There was only one choice to be made, it was most of the way through the demo, and it didn't change much, so I was left feeling antsy and mildly disappointed, but as I've noted elsewhere, I want a lot of choices in my VNs. Since the finished novel is only due to have two endings and I didn't feel a strong urge for more, I opted not to back the Kickstarter. 400 folks did pitch in, however, so it definitely has an audience!

Speakeasy by Open Late Games

When I first saw this project on Kickstarter, I was hyped. It's an erotic otome full-length visual novel; that right there had me. (Otome is my preferred type of VN. I also support erotic and explicit VNs for adults who know what they're signing up for.) It's set in Prohibition-era Los Angeles and based in an illegal jazz club. What's not to dig about that?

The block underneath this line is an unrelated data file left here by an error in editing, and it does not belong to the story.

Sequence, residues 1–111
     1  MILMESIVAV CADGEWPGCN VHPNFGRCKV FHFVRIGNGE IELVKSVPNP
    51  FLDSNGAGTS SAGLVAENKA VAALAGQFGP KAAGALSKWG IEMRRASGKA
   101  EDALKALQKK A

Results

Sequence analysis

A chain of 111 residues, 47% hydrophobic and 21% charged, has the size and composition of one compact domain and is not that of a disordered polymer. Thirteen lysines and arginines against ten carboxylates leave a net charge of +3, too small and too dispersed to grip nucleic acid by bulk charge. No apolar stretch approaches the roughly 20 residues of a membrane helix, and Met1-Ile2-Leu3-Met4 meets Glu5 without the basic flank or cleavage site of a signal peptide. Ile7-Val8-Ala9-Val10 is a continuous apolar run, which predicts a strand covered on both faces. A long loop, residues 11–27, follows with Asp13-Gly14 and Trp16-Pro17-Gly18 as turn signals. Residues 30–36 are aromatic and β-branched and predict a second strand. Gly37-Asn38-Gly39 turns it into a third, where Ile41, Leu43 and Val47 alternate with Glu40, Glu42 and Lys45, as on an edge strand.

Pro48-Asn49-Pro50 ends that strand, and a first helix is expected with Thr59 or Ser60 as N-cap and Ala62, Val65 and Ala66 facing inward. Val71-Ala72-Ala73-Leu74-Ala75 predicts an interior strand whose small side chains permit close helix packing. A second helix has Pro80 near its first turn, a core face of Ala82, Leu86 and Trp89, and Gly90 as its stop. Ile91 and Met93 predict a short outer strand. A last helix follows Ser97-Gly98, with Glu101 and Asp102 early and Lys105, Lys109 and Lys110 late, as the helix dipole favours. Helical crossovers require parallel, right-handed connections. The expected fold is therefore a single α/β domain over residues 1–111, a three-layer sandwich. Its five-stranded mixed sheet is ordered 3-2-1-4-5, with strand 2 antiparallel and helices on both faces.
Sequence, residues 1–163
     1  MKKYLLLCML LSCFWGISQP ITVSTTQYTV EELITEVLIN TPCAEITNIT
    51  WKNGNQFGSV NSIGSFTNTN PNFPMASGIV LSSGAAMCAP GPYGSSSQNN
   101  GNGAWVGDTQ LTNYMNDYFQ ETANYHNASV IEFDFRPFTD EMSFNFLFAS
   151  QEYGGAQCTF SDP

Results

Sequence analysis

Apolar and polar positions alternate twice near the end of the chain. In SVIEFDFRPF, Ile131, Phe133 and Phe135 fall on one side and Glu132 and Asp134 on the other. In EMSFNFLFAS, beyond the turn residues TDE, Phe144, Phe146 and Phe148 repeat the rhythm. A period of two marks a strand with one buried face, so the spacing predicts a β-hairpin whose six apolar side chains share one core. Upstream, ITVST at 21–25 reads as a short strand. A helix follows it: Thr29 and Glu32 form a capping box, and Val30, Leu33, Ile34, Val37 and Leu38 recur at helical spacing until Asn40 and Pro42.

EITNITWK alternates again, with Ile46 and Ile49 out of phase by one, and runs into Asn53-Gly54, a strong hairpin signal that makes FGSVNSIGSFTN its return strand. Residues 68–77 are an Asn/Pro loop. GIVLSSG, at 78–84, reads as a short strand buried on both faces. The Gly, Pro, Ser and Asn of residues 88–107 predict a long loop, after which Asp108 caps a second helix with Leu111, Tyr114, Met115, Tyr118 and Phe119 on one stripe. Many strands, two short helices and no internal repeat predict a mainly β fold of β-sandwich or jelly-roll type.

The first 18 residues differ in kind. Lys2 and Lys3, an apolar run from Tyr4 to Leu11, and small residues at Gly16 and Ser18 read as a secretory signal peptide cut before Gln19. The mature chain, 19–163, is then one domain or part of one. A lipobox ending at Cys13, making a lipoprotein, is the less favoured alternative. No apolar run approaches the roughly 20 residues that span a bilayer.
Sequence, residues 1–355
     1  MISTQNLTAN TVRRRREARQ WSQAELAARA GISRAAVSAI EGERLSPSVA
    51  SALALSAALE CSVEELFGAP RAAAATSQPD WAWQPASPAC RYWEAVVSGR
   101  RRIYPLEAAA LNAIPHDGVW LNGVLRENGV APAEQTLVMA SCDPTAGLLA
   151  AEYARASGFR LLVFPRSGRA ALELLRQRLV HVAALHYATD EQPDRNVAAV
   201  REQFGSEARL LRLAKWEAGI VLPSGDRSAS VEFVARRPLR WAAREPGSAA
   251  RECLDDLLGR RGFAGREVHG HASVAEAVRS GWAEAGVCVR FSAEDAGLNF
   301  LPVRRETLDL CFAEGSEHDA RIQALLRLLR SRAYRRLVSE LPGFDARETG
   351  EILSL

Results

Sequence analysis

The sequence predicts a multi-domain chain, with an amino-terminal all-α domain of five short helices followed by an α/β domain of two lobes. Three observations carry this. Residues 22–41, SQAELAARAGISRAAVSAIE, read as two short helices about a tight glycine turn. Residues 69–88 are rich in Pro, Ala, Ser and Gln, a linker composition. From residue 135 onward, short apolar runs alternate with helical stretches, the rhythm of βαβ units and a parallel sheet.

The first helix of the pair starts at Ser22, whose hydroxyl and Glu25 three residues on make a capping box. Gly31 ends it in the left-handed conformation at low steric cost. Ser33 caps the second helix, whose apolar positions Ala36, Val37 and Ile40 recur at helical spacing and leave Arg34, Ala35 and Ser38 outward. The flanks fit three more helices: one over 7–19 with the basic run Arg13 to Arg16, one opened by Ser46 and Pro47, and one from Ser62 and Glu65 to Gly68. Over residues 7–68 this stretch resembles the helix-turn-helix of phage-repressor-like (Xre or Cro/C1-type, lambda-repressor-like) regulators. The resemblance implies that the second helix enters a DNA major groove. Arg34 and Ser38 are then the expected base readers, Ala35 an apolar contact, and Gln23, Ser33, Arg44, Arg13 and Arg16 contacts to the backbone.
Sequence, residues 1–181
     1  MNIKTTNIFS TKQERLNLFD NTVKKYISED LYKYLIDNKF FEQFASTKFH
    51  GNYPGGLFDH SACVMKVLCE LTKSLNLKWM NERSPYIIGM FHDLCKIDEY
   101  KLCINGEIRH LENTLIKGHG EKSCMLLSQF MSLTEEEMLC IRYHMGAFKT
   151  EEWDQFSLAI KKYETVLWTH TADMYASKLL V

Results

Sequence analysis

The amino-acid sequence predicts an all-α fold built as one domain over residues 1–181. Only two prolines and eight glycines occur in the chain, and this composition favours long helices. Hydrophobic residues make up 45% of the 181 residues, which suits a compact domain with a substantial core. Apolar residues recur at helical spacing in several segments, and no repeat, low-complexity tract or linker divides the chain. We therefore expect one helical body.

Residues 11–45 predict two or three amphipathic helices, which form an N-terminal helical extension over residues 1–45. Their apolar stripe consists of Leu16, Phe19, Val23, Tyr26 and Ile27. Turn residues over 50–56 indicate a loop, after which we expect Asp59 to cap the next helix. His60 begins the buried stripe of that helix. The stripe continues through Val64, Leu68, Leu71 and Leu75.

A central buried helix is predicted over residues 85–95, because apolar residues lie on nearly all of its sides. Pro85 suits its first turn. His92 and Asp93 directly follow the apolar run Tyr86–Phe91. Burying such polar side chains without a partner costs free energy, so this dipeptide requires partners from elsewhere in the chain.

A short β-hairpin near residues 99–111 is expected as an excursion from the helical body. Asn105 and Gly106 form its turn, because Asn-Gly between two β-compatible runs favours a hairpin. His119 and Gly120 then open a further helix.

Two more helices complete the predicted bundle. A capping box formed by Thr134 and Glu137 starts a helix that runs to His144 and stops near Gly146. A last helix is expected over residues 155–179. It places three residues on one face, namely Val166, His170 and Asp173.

The anime sprite style was the first thing that dampened my enthusiasm. It's a historic setting with music that's striving to be period, but most of the characters have unnatural hair colors (like blue, pink, and green). I know it's just me, and I thought I could get it go, but it kept grating on me. The demo itself is a hybrid demo/trailer. It starts out in a linear way but then jumps between scenes featuring different love interests. I imagine this is a way to give the audience a taste not just of the characters but how spicier moments are written, which can be an important thing when choosing an erotic story. But because of this, there weren't really any choices to be made and my experience ended on a down note.

I didn't back the Kickstarter, but over 600 people did. I'm glad it did well, and I'm glad it's moving forward.

Verbena: Tales of Growing Up by KokoisGod111